Well-educated people who move to cities are expected to become rather cosmopolitan. Literally rubbing shoulders with dozens of cultures while simultaneously participating in our global economy, these people quickly surpass the limitations of their youth. They learn to interact and live peacefully with people who are quite different from them. They eat stuff that their mothers can’t pronounce, which contain ingredients not sold in suburban grocery stores. Their worldviews are stretched, shattered, and reformed to fit the big world in which they are now a part.
It’s been a little over a year since I started living, working, shopping, socializing, relaxing, and church-going almost exclusively in Philly, and in some ways I’ve become or am becoming one of these cosmopolitan people. However, more than this, I’ve noticed my worldview not expanding as much as it is contracting. What might have once been a worldview has gradually developed into a city-view. Places shape us deeply and affect our paradigms – Philly is affecting mine.
Anyway, given this realization and my recent Philly-versary, I thought it would be fun to reflect on the various ways that this place has warped my logic. In no particular order:
1. I sometimes forget what it’s like to be in a building that is less than 10 years old…
2. …or on a street that was built after cars were invented.
3. I’ve developed a deep mistrust for strip malls and chain restaurants.
4. I’ve gotten pretty good at the transportation logic puzzle (“Should I drive?” “Where will I park?” “Should I bike?” “Will it rain?” “How will I carry my stuff?” “Should I take the subway?” “Do I have enough tokens?” “Is walking an option?” “What about a cab?”), but sometimes I wish that I didn’t have to play it every time I leave my house.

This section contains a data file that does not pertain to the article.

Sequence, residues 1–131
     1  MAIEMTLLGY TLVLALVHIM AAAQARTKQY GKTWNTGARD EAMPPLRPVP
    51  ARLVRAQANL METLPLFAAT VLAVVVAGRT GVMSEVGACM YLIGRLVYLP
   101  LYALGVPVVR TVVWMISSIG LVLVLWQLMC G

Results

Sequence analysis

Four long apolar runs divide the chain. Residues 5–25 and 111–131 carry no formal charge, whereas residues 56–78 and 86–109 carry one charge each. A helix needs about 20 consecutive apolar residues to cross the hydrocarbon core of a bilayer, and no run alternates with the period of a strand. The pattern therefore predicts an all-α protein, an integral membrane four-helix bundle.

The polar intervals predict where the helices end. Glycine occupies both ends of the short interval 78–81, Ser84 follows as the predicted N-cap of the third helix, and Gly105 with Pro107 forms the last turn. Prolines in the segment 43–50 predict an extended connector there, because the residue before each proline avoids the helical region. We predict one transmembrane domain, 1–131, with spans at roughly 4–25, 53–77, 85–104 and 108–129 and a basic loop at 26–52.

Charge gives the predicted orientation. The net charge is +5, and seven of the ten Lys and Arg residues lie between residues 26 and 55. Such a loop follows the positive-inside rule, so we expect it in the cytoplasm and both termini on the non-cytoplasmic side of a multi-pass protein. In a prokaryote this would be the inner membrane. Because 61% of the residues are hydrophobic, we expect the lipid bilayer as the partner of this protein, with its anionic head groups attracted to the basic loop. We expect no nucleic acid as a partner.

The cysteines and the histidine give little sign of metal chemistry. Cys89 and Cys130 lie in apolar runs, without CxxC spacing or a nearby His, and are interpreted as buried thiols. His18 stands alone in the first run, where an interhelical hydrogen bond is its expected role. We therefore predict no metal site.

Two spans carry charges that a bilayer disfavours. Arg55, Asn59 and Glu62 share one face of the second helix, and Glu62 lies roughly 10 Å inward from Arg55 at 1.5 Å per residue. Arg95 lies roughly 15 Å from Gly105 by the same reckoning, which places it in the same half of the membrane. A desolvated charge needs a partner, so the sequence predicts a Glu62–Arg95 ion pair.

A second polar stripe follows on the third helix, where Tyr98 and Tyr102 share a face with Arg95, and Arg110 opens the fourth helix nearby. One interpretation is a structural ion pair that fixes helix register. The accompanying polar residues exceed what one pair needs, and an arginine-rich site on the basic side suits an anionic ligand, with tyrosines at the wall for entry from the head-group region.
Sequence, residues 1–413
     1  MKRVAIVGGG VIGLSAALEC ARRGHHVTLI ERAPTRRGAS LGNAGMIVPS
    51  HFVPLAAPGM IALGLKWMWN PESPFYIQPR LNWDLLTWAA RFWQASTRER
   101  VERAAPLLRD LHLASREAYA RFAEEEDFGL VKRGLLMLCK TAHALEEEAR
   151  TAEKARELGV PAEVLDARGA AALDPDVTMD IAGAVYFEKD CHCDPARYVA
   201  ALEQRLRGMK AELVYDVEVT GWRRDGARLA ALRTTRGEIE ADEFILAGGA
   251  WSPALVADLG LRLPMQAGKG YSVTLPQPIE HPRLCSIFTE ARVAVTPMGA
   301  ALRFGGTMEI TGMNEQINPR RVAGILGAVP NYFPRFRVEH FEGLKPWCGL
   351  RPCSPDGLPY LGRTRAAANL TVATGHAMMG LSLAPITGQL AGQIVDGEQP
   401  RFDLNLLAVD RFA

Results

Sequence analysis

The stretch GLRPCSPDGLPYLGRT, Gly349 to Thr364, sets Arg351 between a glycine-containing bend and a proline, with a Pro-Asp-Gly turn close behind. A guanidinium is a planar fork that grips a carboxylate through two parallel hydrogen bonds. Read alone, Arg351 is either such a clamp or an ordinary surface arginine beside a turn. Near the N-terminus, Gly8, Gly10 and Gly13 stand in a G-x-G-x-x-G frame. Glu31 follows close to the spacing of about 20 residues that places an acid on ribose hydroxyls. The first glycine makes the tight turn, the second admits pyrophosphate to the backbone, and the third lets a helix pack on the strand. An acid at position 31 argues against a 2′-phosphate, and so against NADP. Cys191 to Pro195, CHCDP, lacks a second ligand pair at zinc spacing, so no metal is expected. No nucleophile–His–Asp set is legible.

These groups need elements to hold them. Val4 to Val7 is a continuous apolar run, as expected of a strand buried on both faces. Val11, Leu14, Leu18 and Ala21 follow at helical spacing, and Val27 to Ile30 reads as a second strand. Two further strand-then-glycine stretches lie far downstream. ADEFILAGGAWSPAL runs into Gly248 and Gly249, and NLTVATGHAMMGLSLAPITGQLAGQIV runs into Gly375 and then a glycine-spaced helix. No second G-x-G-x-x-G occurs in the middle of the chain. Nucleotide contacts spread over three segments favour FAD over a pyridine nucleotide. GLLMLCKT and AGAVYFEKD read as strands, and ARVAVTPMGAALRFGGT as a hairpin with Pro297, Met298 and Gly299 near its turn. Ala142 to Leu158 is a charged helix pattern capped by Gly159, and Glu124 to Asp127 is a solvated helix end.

5. I’ve grown accustomed to all of the smells, and all the trash everywhere.
6. My physical comfort zone has expanded, as my standards for what constitutes as a “bad neighborhood” have shifted dramatically (and for the better!).
7. Recently I was outside of the city and hungry. I drove around for a while looking for “something that I couldn’t find in Philly,” until I realized that that’s nearly impossible.
8. When I go more than a day or two surrounded only by white people speaking English, I feel mildly uncomfortable.
9. I think “ugh, tourists” on a regular basis (usually after almost hitting them with my car or bike).
10. It’s become normal for me to regard neighborhoods other than my own as distant or novel, even if they’re literally blocks away.
11. Likewise, my default small talk is to ask people about their neighborhoods.
12. I’ve come to expect and prepare for petty theft. And mice.
13. I can’t remember the last time I saw a squirrel, though I did encounter a raccoon the other night. It made me more nervous than it would have if it was a person rooting through my neighbor’s trash. Wildlife is fascinating, and terrifying.
14. I’m so used to one-way streets that I become extremely confused/apprehensive when cars in the next lane are driving toward me.
15. “Getting away from it all” usually just means going to the suburbs for a few hours.